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Terp is music and dance industry jargon for "dance".


The term is an eponym for Terpsichore, the Greek muse of dramatic chorus and dance.[1][2] The term, still in use, was more common from the 1930s to the 1970s by dance professionals and music entertainment industry magazines, including Billboard, which uses the terms "terp" and "terpsichore" (lower case "t"), interchangeably.

Hackett's herd churns out a highly palatable brand of terp tempi, equally appealing to the ear and toe.[2]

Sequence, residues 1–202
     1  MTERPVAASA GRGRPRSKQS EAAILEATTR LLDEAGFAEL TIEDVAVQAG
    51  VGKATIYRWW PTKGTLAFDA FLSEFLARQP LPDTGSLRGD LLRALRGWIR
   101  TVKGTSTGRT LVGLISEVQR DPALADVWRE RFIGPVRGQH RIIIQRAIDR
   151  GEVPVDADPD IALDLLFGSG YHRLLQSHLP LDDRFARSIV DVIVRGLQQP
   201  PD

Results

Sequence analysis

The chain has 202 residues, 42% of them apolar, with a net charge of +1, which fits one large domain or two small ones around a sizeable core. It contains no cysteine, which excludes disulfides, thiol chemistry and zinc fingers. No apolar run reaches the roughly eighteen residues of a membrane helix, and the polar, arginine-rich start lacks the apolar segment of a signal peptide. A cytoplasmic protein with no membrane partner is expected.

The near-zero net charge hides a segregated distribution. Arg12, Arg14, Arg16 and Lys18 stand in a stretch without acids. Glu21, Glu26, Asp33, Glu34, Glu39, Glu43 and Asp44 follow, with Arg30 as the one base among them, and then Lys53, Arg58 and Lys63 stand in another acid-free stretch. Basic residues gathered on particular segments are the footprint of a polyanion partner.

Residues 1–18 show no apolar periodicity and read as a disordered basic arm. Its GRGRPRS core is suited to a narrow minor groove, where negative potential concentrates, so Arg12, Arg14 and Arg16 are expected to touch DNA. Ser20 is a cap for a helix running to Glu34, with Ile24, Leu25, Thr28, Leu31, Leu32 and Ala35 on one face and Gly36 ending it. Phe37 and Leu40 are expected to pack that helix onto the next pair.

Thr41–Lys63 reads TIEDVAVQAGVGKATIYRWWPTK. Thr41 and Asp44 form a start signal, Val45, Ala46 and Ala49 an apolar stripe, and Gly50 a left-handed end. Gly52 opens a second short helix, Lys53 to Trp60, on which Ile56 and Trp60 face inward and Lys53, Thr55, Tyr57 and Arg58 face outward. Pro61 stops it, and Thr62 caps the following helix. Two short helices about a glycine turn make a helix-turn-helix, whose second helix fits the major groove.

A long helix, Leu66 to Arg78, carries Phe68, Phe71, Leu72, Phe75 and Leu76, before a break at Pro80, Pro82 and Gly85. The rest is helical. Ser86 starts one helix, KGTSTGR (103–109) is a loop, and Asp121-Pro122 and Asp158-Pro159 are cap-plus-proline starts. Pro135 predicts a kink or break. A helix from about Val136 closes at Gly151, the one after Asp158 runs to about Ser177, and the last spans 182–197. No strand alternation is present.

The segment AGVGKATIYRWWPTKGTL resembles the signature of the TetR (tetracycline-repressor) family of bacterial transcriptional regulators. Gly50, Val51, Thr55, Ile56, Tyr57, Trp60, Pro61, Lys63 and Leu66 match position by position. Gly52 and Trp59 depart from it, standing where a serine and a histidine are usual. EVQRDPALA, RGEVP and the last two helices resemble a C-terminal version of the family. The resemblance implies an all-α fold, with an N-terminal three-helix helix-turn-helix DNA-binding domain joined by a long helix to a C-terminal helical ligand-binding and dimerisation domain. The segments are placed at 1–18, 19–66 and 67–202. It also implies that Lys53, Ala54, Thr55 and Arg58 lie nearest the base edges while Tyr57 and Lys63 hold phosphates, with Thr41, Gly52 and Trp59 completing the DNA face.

I wrote Terpsichore in Sneakers during the years 1973–78.[3]
[Reese LaRue] ... known for torrid terpsichore; died Aug. 8, 1985.[4]


  1. ^ "Slanguage Dictionary," Variety, February 23, 2000; OCLC 44287800 (retrieved January 30, 2017)
  2. ^ a b "On The Stand: Ray Hackett," by Lee Zhito (1818–1995), Billboard, October 8, 1949, pg. 18
  3. ^ Terpsichore in Sneakers: Post-Modern Dance, by Sally Banes, Wesleyan University Press (1987), pg. xi ("Preface"); OCLC 48139465
  4. ^ Swing City: Newark Nightlife, 1925–50, by Barbara Joan Kukla (born 1940), Temple University Press (1991); OCLC 23386575